Thrifty, yes, but is it ‘eco’?

Over the last 9 months, I have written confidently and comically about eco-thrifty renovation and eco-thrifty thinking. But this week I’m not so sure. I’ll try to keep a sense of humour, but this is serious business.
Among many ‘issues’ our villa had when we acquired it, one of the most notable was a large hole in the lounge floor through which – based on the available evidence – an unidentified person entered and exited for the purposes of sleeping and writing dirty words on the walls.

We painted over the dirty words early on, but it was not until Boxing Day of this year – 26 months into the renovation began – that we officially sealed the hole in the floor and installed over it an engineered timber ‘floating floor.’ While we would have preferred restoring the existing native hardwood tongue and groove floor, most of the boards were cupped and some had split due, presumably, to the home being moved from an area with rising damp from the soil to our present location on sand with no rising damp. When timber dries out, it shrinks, leaving gaps. And who wants gaps in their floor letting cold air into the home? OK, maybe certain Queenslanders, Victorians, and New South Welch (?!?) may enjoy a cool breeze at present. But I digress.
Interns, Jessea and Molly, slotting the floor together. 
Our approach to dealing with the lounge floor situation was to install a manufactured wood product floor, ie, sawdust and glue with an image of wood grain on top. Thrifty, yes, but is it ‘eco’?
The wood products industry would have us believe that this is an ‘eco’ product because it is made from ‘waste’ materials and low quality timber that is not straight enough to be milled into dimensional lumber. But is that just spin, or ‘green-washing’ as critics say?
In other words, is labeling this a ‘sustainable’, ‘green’, ‘earth-friendly’ product a forethought or an afterthought? And does it matter? Surely the industry makes this product because it has the technology and materials to do so profitably. Profit, after all, above all else is the legal obligation of a corporation.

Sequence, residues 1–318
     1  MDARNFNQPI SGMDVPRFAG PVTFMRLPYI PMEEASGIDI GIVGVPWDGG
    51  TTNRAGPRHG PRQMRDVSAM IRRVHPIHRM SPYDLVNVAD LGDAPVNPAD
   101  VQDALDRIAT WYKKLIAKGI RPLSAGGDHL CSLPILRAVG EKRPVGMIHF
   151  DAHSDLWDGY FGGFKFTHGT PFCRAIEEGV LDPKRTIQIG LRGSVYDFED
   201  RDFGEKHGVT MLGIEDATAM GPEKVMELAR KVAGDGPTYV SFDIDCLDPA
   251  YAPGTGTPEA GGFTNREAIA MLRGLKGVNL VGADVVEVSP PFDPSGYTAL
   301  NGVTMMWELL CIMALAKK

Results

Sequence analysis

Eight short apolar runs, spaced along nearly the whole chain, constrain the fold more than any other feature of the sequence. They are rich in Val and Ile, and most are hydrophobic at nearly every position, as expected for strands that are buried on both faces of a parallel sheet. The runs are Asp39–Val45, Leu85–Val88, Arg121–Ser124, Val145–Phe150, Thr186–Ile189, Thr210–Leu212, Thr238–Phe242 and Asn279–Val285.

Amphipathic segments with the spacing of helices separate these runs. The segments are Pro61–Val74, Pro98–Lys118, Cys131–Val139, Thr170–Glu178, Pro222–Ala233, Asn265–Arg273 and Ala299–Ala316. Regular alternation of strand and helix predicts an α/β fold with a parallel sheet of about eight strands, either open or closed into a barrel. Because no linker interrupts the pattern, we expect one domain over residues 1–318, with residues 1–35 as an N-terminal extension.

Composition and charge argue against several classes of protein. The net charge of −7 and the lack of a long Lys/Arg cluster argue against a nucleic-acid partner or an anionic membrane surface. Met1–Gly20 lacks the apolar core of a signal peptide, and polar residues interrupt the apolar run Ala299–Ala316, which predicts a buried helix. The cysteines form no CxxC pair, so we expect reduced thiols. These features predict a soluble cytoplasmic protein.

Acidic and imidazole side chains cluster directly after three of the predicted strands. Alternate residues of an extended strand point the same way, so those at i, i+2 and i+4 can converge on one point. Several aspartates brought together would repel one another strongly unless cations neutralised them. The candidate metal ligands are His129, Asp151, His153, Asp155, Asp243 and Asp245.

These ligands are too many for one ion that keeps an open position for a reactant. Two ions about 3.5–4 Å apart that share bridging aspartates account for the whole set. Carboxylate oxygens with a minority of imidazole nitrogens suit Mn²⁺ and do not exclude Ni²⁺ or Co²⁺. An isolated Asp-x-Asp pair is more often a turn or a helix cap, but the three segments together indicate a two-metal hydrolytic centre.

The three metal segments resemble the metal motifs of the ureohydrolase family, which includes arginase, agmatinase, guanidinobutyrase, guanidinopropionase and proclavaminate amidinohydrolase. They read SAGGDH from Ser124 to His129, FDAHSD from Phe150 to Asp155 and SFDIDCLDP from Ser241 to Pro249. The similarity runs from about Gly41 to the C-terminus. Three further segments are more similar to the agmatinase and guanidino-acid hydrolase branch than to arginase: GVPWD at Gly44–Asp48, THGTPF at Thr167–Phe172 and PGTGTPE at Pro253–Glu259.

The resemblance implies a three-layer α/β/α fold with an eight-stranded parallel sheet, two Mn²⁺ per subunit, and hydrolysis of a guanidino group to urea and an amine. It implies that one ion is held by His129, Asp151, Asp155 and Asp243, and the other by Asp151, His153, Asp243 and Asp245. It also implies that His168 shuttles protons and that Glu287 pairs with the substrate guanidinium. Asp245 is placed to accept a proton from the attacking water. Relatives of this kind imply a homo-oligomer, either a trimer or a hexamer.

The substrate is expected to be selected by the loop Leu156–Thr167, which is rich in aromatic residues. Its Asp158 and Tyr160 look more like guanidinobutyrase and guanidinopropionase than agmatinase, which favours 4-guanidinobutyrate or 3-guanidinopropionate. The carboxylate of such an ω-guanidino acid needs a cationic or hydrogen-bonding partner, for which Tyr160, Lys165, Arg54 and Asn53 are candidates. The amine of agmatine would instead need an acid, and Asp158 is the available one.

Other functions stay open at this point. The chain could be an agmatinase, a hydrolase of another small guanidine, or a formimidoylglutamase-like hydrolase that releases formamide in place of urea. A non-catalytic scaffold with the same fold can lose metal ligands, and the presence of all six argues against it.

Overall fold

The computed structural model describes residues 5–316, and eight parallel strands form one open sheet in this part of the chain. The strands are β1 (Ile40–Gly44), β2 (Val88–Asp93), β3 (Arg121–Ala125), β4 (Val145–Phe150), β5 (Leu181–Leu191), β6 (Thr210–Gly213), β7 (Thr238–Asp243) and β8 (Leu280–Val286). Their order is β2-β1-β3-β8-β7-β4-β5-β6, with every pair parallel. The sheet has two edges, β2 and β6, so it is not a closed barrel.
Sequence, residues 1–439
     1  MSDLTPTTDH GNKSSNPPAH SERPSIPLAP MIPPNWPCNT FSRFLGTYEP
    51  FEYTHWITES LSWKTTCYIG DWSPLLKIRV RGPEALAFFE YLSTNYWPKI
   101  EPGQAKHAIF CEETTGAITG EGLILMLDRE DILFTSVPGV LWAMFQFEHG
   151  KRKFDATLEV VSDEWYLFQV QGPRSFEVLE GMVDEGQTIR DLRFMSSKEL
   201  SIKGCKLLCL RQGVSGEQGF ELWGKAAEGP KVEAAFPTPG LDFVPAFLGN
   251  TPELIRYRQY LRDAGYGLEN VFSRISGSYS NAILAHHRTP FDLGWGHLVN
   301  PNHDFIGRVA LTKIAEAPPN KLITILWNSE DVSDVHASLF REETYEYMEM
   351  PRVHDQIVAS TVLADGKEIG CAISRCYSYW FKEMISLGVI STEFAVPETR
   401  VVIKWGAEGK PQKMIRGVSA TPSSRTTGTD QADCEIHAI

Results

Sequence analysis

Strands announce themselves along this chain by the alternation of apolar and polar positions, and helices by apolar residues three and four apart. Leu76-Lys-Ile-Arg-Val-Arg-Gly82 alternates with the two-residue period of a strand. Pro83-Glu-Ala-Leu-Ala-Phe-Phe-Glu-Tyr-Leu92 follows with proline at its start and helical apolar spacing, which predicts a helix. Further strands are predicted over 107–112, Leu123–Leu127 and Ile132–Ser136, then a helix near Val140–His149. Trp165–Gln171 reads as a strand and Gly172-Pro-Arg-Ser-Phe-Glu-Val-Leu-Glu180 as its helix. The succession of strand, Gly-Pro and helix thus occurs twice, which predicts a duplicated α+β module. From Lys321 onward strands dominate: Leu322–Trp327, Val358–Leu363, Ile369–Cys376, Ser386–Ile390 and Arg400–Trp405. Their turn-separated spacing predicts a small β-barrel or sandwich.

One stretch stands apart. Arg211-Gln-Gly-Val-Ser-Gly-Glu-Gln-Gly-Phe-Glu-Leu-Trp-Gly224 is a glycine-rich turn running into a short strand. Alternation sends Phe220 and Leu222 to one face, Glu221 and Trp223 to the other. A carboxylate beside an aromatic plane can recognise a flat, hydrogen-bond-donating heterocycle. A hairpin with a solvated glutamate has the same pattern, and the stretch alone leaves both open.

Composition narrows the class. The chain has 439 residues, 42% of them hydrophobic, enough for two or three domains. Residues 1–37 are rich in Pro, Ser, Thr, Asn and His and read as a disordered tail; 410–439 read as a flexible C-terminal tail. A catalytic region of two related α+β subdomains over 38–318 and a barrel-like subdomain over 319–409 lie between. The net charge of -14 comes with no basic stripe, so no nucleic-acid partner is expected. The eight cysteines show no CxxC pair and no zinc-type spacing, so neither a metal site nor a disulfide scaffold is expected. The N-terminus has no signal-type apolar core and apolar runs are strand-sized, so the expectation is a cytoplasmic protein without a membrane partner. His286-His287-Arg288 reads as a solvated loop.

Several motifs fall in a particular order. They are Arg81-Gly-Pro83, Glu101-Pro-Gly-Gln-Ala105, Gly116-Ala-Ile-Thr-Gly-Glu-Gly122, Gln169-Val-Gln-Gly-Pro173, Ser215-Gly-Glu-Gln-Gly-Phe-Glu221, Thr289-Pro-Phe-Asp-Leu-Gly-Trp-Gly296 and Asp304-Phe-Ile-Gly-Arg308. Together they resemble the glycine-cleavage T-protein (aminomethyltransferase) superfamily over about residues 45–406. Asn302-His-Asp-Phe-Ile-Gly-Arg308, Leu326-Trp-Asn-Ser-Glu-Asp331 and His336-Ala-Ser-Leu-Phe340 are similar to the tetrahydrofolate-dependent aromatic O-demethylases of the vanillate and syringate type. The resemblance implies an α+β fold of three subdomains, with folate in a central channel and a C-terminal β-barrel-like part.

Cat tested and approved.  
Don’t get me wrong, I think the floor looks great. It is shiny, and crisp, and square – unlike most of our home. It will both reduce drafts and insulate our feet come winter. It has been cat-tested and approved (see photo), but is yet to bubs tested. (By the way, she rolled over this week for the first time, so I reckon she’ll be crawling soon.)
But what do you reckon? Here are a few questions for readers of this column:
• Are manufactured wood products sustainable products or just a sign that we’ve already cut all the good timber on Earth and are scrambling for scraps?
• Should manufactured wood products we labeled as ‘earth-friendly’?
• When a floor is made of manufactured wood products, does it lack an authenticity of a floor made from actual pieces of wood?
• Is Neil Diamond simply a great singer/song writer, or the greatest singer/song writer of all time?
I would enjoy publishing your thoughtful comments in a future column. Please email me your thoughts to
 Peace, Estwing

2 thoughts on “Thrifty, yes, but is it ‘eco’?”

  1. Wouldn't it be great if these products came with an "embodied energy" figure on the packaging or info sheet. Of course transportation is a variable – it might have to be energy to the factory door.

  2. HI RIchard,I often picture in my mind a small 'price tag' attached to manufactured items that shows the embodied energy involved. In some ways this would be similar to a carbon footprint. See you soon.

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